As new coronavirus cases continue to decline, Israel is preparing to close down its drive in testing centers around the country, health officials said Thursday.
The Health Ministry is set to shut down mobile COVID testing facilities operated by the IDF's Home Front Command despite some officials expressing opposition to the move.
The decline in Israel's number of active and daily COVID cases looks to be the result of the country's fast-paced vaccination drive, which inoculated over 5.4 million Israelis with the first dose of the vaccine, and over 5 million with both shots.
Coronavirus czar Prof. Nachman Ash also voiced his support for the closure of the drive-in centers during a recent meeting of officials tasked with battling coronavirus. "I am asking the Home Front Command to prepare a plan in the coming weeks that would see the drive-in complexes reduce their activity until their final closure.”
The IDF, meanwhile, opposed the decision. “Closing the drive-in centers will save little [money], and in practice will likely only impair our operational flexibility,” said the chief of the IDF’s coronavirus taskforce, Col. Reli Margalit.
“The drive-ins conduct about 6,000 tests every day. In addition, the interns working there are necessary because they are the ones deciphering tests over the weekend since the health funds are closed,” Margalit added.
The IDF Spokesperson's Unit said: "Along with the continued sampling carried out by the IDF at Ben Gurion Airport, in schools and in response to outbreaks, the Health Ministry is considering a reduction in mobile facilities. When the decision is made, the locations of the testing stations and their hours of operation will be announced."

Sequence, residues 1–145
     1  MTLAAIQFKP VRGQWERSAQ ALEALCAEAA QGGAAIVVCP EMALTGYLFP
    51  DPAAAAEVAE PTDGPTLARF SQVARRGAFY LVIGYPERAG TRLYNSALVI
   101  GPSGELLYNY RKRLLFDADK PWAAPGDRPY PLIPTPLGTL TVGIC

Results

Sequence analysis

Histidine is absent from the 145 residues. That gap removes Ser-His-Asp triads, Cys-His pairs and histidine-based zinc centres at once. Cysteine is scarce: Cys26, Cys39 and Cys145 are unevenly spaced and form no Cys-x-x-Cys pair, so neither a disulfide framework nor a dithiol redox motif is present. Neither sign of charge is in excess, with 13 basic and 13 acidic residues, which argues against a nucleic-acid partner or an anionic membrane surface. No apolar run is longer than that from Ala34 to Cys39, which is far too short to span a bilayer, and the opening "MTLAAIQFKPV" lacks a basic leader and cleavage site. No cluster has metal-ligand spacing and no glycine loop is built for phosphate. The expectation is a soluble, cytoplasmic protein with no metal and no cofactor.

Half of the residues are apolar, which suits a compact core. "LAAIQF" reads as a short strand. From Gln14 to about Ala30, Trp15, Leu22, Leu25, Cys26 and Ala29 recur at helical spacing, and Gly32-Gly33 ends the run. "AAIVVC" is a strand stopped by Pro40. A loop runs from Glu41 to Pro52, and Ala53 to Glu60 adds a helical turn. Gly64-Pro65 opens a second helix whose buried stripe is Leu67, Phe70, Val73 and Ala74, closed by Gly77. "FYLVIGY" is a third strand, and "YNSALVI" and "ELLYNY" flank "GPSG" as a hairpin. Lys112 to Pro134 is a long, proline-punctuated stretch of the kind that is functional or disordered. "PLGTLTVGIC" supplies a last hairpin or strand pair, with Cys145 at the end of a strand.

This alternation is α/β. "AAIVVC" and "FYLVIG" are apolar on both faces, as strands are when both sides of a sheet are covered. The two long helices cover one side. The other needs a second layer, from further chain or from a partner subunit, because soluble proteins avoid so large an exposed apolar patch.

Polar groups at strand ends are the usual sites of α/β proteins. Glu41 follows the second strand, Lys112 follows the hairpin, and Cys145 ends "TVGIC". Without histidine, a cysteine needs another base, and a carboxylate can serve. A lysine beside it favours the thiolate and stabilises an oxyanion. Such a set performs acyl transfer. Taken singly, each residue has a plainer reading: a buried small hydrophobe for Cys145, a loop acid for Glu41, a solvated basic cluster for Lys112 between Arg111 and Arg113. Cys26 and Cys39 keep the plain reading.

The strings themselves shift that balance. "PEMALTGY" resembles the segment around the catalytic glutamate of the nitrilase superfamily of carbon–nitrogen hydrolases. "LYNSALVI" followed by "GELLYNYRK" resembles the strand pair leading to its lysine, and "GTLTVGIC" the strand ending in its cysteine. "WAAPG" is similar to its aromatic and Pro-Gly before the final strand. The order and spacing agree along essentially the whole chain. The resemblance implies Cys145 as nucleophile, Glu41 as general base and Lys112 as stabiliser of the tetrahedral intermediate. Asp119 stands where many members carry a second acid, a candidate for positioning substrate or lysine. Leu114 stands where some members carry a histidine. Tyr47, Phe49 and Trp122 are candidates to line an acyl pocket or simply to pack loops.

Meanwhile, the Health Ministry is also working to scrap free coronavirus testing for those who have recovered or have been fully inoculated. "Today, a large portion of the tests performed are unnecessary and are performed for leisure and not medical needs," said a senior official.
“There is certainly no need for the state to fund them. It is time to stop these tests, close the facilities that are no longer needed and perform tests that are only medically needed in the health funds only."
Head of public health services, Dr. Sharon Alroy-Preis for her part, opposed the move. "The whole point is to do extensive tests for anyone who wants to, so that we do not find ourselves with a raging pandemic in a few months. If we look only at the money we will not be able to control the infection rate in the future.”